7. Alex Nogales
The story of the year in politics was Donald Trump. The orange-haired billionaire caused a stir when he entered the presidential race in June, vowing to build a wall at the border to keep out Mexican “rapists.” Republican voters apparently liked what they saw, as Trump quickly took the lead in the polls and hasn't given it up. Trump also has many detractors, and among the most effective has been Alex Nogales. The president of the Pasadena-based National Hispanic Media Coalition has organized protests and boycotts, spurring the effort to get NBC to cut ties with Trump. Nogales also threatened a boycott of the PGA, leading to the cancellation of a tournament at Trump's golf course. His efforts haven't hurt Trump's poll numbers, but he did force powerful interests to rule a certain brand of anti-Mexican racism out of bounds for polite company.
6. Casey Wasserman
Sports agent Casey Wasserman was named the most powerful man in L.A. sports by the L.A. Daily News this year — and that was in April, before L.A.'s 2024 Olympic bid, with Wasserman at the helm, arose Lazarus-like from the grave. L.A. got the nod when Boston got cold feet and backed out. That means that Wasserman has two years to convince the International Olympic Committee that L.A. deserves its third crack at the games. Wasserman, the 41-year-old grandson of late studio mogul Lew Wasserman, has been around this world before, having served as vice chair of L.A.'s 2016 bid. That didn't get very far. Neither did his effort to bring the NFL to downtown L.A. But the stars might be aligning this time. The Olympics have seen some costly boondoggles lately, leading many in the West to question whether it's worth it. After Boston withdrew, voters in Hamburg, Germany, pulled the plug on that city's effort as well. It's possible that only Los Angeles — where memories of the '84 Games are still fond — has enough community support to pull this off.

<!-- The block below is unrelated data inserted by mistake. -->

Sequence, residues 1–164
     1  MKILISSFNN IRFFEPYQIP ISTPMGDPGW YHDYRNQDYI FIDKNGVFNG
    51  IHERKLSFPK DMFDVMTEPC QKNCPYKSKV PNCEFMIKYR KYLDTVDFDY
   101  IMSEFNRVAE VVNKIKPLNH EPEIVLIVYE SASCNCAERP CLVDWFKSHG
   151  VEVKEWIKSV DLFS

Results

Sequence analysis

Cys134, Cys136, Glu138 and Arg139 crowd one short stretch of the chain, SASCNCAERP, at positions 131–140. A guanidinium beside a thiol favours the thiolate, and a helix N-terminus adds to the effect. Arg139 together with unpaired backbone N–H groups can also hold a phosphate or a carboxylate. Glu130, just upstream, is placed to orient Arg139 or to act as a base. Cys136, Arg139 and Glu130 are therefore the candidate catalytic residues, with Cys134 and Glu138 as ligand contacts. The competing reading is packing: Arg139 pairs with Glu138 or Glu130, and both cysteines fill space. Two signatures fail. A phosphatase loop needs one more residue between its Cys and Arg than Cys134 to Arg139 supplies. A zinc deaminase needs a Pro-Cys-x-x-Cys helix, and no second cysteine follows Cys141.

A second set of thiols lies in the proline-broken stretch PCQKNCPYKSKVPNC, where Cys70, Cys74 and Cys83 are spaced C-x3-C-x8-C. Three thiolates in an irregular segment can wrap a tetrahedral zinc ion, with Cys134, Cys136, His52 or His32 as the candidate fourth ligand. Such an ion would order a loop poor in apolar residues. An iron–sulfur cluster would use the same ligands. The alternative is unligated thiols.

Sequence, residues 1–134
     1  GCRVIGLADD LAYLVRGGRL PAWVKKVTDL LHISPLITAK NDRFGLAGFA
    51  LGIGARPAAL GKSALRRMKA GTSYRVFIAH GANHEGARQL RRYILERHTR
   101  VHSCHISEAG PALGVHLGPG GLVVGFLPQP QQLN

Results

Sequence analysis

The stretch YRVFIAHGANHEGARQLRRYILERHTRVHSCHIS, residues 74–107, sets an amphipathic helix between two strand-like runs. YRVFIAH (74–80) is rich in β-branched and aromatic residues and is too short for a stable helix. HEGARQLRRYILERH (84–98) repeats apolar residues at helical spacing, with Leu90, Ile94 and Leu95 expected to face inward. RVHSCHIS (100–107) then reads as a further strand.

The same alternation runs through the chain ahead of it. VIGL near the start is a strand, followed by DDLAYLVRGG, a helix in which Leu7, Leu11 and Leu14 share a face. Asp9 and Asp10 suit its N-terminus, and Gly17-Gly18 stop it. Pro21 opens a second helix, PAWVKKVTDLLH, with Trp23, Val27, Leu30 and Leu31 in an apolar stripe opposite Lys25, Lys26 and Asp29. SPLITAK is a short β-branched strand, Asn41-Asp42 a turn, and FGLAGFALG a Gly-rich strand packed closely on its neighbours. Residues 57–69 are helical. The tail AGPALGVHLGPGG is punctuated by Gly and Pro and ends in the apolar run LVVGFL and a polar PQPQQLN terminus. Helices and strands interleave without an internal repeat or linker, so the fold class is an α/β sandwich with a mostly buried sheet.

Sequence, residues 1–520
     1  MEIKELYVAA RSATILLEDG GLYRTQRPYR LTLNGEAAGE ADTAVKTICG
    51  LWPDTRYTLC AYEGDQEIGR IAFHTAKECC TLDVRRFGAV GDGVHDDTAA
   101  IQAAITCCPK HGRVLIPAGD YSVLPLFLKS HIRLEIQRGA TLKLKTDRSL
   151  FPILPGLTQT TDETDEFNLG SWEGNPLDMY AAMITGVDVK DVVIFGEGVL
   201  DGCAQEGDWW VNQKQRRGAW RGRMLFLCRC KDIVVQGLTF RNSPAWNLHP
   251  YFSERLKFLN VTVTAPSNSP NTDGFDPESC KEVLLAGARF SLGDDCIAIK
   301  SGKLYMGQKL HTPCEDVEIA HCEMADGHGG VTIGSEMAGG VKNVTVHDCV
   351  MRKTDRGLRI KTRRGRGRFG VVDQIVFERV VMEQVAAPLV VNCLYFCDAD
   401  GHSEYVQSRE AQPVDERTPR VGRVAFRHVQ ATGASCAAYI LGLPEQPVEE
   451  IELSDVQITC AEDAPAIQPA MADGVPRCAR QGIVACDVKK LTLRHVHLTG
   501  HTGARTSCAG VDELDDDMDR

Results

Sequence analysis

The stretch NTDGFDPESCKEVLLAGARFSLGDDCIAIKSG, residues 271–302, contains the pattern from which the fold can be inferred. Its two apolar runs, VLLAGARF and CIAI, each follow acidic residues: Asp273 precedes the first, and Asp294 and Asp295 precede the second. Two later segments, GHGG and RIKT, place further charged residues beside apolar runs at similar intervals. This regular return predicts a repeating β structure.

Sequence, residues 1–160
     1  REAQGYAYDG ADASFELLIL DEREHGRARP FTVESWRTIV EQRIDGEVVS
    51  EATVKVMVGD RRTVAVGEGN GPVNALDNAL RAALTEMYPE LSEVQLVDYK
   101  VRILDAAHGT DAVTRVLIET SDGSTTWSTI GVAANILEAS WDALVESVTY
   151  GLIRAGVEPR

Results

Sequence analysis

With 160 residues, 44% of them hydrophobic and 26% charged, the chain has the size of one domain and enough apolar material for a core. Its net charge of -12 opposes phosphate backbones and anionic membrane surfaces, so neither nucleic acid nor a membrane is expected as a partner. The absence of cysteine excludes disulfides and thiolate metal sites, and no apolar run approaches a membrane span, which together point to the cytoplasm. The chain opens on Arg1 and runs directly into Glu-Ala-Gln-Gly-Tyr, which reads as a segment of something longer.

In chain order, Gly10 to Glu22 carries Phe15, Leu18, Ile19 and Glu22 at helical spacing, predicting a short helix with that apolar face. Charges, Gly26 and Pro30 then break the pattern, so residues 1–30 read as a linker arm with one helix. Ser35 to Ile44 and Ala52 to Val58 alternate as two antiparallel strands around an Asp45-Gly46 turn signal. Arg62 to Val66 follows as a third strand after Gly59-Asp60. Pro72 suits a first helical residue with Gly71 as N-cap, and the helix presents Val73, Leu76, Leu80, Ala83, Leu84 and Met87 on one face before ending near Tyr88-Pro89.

5. Kamala Harris
The year began with Sen. Barbara Boxer's not-unexpected announcement that she would retire in 2016. While some political observers predicted a free-for-all, as a younger generation of ambitious politicians finally got a chance at one of the state's top jobs, it didn't work out that way. One by one they took a pass, clearing a path for the Kamala Harris. The California attorney general, who splits her time between L.A. and the Bay Area, has had a remarkable rise. She'll face lesser known Rep. Loretta Sanchez and three Republicans next year. Harris is nothing if not cautious. A trademark move came early in the year, when a malicious petitioner submitted a ballot measure calling for the death of gay people. She seemed to have but two choices: approve the measure for circulation, as the law appeared to require, and face the ire of LGBT groups; or reject it and face a lawsuit. Harris found a third option, filing her own suit seeking permission to reject the measure as patently unconstitutional. The gambit worked; the judge sided with her. More recently, she has faced unfavorable reports over campaign spending and lackluster fundraising. But she's still the odds-on favorite to become the state's junior senator in 2017.
4. Tisha Banker and the activists behind Vaccinate California